Drinking from my Father’s Well

When I became a parent, I wondered which memories, peak experiences, and profound life lessons I would bestow on my boys and which would actually stick in their psyches.  Given that joy and peace are my favorite states of being, I can only hope that my boys remember the times when we laughed over a good film, took a quiet walk under the Sonoma moon, cooked a homemade meal together, saved a hummingbird from a cat’s jowls or snuggled ourselves to sleep after a long day of intense little league baseball games.  I can only hope because Lord knows a great deal goes into a day besides peace and joy when nagging over homework, fighting over the remote and other such silly things. 

Today, I naturally think of the good times I shared with my father–times, when I would watch my hero body surf the big waves of Huntington Beach, while I ate my favorite Winchells donut; times, when we would sit and read a book together in our music room while listening to Beethoven’s Moonlight Sonata on the stereo; days, when we would walk miles and talk for hours through the back country roads of my childhood.  At the dinner table, my father would help me through every problem I was having at the time.

But those memories and times mean something only, to me.  Given that truth, I want to share a few of the lessons, (there are so many) I learned from my father about life that would mean something to everyone today.

1. Don’t hold onto anything.  Learn from the experience, then let it go. 

2. Step on a nail and it hurts.  This holds true for most of life’s experiences.  They hurt.  You heal.

3.  Stay curious, wonder, question.  You’ll never grow bored or old.

4.  Park your car in the shade.  You and your car will be grateful for it.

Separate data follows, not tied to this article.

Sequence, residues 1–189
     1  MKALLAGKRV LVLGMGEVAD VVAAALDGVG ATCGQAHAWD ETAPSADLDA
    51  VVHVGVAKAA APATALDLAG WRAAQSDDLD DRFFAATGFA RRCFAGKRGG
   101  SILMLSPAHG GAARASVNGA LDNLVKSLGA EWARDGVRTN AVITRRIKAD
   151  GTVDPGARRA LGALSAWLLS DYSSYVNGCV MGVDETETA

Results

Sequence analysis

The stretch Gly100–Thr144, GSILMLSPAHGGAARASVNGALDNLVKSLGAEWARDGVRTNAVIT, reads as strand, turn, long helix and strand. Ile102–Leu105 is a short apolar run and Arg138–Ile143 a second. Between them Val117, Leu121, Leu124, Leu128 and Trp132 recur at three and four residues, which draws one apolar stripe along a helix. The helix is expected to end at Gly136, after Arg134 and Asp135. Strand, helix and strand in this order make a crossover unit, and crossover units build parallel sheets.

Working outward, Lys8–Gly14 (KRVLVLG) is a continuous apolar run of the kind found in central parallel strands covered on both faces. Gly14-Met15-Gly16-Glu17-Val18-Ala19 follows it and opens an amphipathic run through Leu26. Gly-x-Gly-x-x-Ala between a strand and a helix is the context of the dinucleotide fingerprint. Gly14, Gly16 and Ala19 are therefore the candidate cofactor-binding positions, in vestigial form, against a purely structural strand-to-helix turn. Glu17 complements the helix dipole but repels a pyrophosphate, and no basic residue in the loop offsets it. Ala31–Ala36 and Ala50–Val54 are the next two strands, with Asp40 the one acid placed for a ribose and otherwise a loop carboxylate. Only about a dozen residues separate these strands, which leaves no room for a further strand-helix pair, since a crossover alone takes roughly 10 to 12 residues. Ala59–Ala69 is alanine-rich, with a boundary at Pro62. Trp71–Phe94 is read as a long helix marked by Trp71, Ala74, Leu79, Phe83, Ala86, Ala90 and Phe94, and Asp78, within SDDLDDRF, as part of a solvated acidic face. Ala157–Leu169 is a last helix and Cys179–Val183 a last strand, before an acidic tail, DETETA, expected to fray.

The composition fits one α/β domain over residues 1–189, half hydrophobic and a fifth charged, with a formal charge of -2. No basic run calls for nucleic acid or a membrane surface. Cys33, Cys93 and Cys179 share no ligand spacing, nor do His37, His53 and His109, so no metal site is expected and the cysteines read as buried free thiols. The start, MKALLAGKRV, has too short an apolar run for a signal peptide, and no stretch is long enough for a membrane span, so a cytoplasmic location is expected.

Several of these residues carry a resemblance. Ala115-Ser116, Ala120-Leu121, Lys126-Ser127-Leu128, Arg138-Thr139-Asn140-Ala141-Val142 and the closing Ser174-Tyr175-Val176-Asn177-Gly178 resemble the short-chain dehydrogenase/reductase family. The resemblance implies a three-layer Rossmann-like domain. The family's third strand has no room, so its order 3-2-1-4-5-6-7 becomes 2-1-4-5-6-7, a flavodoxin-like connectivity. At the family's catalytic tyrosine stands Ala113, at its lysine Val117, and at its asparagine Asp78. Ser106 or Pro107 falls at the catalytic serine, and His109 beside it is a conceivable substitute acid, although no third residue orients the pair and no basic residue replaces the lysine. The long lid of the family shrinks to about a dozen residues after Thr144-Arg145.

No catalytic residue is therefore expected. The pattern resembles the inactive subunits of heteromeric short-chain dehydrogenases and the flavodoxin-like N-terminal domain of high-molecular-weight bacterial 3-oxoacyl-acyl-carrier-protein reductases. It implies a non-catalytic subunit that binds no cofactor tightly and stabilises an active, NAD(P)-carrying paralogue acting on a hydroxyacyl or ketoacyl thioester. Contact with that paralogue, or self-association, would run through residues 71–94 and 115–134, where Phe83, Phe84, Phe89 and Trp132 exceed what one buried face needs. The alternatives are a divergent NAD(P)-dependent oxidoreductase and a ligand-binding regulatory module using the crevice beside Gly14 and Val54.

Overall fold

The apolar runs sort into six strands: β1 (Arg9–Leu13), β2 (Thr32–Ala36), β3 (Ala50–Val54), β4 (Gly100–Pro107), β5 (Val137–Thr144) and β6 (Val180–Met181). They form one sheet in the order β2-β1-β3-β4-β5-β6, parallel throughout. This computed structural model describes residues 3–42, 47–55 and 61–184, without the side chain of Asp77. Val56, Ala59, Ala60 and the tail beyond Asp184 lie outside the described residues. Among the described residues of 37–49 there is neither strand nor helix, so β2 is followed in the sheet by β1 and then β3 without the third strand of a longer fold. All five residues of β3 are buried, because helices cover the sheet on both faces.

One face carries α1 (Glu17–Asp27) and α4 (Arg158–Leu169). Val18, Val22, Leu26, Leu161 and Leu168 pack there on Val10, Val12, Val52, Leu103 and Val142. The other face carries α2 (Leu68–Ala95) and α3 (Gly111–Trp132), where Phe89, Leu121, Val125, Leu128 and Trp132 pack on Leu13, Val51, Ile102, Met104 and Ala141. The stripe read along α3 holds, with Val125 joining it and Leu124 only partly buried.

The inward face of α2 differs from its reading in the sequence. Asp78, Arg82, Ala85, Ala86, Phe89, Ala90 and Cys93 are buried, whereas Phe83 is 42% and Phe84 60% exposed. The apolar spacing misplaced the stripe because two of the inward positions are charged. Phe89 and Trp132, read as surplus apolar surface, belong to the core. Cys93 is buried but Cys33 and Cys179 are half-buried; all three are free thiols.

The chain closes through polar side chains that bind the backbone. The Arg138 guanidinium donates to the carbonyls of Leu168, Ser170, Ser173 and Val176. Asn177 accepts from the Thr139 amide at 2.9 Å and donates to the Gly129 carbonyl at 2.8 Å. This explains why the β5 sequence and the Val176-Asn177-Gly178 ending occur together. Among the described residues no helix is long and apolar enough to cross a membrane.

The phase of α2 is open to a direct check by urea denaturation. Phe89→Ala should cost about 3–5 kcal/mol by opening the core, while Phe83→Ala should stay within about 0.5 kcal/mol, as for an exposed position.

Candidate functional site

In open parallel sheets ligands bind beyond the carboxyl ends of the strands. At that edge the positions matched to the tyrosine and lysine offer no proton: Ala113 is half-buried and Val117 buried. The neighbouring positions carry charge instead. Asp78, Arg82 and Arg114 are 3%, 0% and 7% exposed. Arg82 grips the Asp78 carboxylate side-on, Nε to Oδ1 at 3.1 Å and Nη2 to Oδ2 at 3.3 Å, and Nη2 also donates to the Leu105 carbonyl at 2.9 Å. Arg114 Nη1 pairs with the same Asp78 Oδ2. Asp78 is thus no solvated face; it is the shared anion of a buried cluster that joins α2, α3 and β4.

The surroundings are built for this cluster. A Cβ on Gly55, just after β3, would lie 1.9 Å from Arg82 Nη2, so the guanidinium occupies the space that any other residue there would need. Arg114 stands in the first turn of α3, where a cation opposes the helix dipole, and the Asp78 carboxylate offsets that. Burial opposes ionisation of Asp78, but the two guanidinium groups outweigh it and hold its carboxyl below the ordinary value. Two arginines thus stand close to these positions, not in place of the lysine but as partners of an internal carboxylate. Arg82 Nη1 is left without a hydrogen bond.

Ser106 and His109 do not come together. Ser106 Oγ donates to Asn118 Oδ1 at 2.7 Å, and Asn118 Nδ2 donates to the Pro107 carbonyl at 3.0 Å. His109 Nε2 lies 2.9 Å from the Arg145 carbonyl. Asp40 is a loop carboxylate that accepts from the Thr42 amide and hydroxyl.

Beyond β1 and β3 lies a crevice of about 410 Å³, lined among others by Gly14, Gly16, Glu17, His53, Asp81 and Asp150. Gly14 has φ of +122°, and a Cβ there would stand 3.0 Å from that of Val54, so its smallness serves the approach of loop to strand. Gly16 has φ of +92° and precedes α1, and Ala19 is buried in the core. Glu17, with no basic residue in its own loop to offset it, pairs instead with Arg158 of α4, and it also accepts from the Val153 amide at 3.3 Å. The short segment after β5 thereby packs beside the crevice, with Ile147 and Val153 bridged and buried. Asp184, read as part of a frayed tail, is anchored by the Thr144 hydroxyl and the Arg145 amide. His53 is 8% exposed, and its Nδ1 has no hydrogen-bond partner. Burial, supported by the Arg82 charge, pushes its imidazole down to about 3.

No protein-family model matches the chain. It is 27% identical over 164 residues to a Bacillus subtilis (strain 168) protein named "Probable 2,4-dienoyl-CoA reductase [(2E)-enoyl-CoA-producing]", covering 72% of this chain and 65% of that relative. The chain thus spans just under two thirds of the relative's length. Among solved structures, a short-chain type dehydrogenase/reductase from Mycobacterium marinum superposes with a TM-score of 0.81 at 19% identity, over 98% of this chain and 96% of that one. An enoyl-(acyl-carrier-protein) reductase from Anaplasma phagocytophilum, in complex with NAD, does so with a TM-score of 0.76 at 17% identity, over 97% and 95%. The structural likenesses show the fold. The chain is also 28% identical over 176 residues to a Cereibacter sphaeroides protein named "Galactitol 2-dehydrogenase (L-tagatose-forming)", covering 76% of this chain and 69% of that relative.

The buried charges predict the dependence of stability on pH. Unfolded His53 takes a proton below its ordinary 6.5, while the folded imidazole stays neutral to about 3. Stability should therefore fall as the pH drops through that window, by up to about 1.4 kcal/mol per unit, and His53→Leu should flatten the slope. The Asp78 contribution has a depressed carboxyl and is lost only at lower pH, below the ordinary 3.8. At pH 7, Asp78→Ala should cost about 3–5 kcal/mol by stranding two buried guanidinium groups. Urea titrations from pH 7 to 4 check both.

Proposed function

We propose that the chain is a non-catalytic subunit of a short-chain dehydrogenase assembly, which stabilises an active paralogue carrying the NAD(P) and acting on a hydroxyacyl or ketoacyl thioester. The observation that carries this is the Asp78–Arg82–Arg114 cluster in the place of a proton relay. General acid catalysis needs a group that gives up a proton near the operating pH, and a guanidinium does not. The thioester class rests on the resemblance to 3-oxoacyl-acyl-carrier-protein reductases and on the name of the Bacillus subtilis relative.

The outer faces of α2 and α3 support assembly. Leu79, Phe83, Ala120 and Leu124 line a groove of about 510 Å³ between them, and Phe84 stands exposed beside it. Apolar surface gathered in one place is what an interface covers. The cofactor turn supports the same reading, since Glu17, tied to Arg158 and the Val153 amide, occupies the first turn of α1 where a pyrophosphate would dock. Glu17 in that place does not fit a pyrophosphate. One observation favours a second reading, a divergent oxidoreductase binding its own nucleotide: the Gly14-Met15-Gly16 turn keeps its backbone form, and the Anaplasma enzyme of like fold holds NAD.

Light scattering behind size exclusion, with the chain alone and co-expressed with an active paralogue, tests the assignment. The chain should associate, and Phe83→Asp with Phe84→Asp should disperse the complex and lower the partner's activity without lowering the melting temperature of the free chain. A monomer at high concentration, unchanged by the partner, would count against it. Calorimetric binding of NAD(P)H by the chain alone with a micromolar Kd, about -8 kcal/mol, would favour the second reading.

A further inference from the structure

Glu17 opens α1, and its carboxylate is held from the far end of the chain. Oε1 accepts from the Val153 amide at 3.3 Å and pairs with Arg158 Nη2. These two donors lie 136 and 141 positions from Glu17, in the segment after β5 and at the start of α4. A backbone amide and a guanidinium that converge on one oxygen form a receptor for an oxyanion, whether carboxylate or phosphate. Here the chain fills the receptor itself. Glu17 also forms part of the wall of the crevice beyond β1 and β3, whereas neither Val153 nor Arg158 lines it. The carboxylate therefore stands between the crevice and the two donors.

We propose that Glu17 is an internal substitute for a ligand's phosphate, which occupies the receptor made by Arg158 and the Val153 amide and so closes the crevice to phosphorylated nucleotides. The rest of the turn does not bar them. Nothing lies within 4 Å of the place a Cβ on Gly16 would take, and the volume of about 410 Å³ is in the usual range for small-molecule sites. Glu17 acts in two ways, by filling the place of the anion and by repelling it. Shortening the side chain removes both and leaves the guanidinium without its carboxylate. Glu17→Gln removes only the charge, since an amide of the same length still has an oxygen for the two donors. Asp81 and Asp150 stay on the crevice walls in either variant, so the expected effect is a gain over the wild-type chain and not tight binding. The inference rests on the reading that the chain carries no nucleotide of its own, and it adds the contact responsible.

5.  Walk, walk, walk or your wife will be all over you.

6.  Debate your ideas, learn from different points of view.

7.  Go slow when you’re in a hurry.

8.  Question everything.  Don’t trust everyone.  Don’t settle for mediocrity.

9.  Go to the best.  Learn from the best.  They’ve worked hard to get there and they’ll help you get there too.

10.  Waste not.  Live simply and frugally.  Life is hard enough with shelter, food, and heat.  Imagine being without them.

11. Luck plays a big part in life.

12. Nature calls the shots and we are very much a part of the animal kingdom (low on the food chain).

13.  Fight for your rights. 

14.  There isn’t anything you can’t do.  Just do it.

15.  In leadership, surround yourself with the best, and delegate, delegate, delegate.

16. Respect your parents.  Respect yourself.

There are so many more words of wisdom I could share, but perhaps the words that stay with me is embedded in an expression my father would say to me in Spanish.  He would often say,  “No Somos Nada,” after a country has been hit by a tsunami or an earthquake, killing hundreds of thousands of people in a moment’s notice.  “No Somos Nada,” which  in English means, “We Are Nothing.”  

I took this to mean, we are insignificant in the larger scheme of things. “Don’t take yourself too seriously.  Yes, everything matters, everything; and nothing matters, nothing; so enjoy every drop while you can, drink with great thirst from the well of life.”

I love you, Dudes. (I call him Dudes).

And to all of you, May You Drink!

Happy Father’s Day!

One thought on “Drinking from my Father’s Well”

  1. I nice message to your Dad, Monica, for Father’s Day, linking his sage advice as a parent who has had lots of experience to guide the lives of his children. As I think back, my parents didn’t “say” advice as did your dad has done; but, their actions served as examples of how I try to lead my life. My Dad’s patience and ability to listen to others are qualities I greatly value and try to practice in my daily life. My Mom’s array of interests and energy are the things I learned from her, a person who never grew old because she was always learning and helping others.

    I love how you described the lives you and your boys lead, illustrative words for a full life filled with love. I am confident that your boys will remember these times and those occasions when you are there for them to help them problem-solve as your dad did with you. You definitely are your father’s daughter, practicing those things you learned from him in your personal and professional life.

    Marilyn

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